Despite a first term marred by national economic strife, political disfunction and a devastating 2010 midterm for his party, President Obama and fellow Democrats have gained momentum over the Republicans again in 2012; retaining control in the White House, seeing slight gains in Congress, and watching internal squabbles within the GOP. But will this last for long?
On Monday Obama gave a second inaugural address that has been graded by many on both sides as a vibrant defense, and declaration in favor of progressivism and a more leftward turn in term two. Red State's Erick Erickson writes that the president has taken arrogance to a new level and may be overestimating his mandate:
We have seen hubris in this administration for four years. Given Dan Pfeiffer’s comment about a not just an opposition party, but a political system, not worthy of Barack Obama, a desire to be transformation and the need to go to war with the GOP in order to transform, combined with no more accountability to voters, we should expect some amazing feats of arrogance and overreaches of power by this President in the next four years in pursuit of liberal policy.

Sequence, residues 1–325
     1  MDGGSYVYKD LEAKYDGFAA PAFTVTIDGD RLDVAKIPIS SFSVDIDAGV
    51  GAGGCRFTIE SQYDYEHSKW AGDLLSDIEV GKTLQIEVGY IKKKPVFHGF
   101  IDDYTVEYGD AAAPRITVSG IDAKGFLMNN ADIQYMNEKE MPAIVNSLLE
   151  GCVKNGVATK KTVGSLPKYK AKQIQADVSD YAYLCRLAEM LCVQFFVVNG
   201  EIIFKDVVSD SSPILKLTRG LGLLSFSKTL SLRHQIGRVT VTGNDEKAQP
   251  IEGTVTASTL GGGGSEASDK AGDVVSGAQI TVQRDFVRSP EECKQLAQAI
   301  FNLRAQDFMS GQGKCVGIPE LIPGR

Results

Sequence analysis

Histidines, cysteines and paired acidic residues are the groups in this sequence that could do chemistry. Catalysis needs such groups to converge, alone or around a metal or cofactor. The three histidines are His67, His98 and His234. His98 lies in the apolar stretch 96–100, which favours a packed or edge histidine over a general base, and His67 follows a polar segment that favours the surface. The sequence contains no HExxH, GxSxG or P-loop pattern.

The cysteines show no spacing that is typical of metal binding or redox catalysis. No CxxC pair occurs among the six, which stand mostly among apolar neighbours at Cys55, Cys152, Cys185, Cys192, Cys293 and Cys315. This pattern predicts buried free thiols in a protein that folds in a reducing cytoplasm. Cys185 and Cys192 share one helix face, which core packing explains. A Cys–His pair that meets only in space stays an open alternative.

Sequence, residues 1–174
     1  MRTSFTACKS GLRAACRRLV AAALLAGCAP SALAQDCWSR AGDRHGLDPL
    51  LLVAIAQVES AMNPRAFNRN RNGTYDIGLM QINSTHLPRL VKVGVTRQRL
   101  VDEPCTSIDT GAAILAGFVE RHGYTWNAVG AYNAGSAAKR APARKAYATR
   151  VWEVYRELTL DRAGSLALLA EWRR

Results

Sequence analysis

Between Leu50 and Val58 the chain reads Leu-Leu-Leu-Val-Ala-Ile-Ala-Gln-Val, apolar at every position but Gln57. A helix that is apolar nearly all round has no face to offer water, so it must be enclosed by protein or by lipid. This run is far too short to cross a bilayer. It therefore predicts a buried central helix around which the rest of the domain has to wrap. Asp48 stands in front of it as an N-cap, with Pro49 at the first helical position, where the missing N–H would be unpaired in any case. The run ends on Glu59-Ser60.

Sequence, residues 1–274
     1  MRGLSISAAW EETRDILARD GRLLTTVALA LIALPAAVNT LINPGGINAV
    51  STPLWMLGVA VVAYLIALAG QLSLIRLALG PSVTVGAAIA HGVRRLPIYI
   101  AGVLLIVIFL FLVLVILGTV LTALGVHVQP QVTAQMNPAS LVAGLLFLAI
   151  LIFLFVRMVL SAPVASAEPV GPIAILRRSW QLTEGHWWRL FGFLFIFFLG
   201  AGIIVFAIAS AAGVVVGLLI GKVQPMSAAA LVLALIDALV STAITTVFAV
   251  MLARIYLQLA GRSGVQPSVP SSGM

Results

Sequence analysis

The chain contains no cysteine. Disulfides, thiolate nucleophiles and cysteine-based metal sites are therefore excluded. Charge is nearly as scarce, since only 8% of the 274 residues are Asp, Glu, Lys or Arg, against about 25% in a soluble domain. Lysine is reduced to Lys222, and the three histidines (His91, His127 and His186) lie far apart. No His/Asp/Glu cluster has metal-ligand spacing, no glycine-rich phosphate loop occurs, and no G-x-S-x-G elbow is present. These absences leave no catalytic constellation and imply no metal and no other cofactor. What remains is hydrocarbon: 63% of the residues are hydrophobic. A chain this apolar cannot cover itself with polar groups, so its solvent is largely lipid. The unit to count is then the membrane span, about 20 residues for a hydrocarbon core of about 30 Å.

Republicans should be ready to capitalize on it.
Combine the presumed hubris in Obama's address with what history tells us about how things go for presidents after securing reelection. Michael Barone writes in the Wall Street Journal that the second term curse is not inevitable but few presidents can claim success in round two.
Is there a second-term curse on presidents? It's widely believed that the answer is yes. Look at Richard Nixon: re-elected with 61% of the vote in 1972, forced to resign under threat of impeachment. Ronald Reagan: re-elected in 1984, then hobbled by the Iran-Contra scandal two years later. Bill Clinton: re-elected in 1996 promising to build a bridge to the 21st century, then impeached by the House of Representatives for lying under oath. George W. Bush: re-elected in 2004, only to see his job-approval rating plummet amid scenes of violence in the streets of New Orleans and Baghdad in 2005 and a financial crisis in fall 2008.
On 'Real News' Wednesday the panel discussed what progressive venture could become an overreach for Obama, and doom him in term two.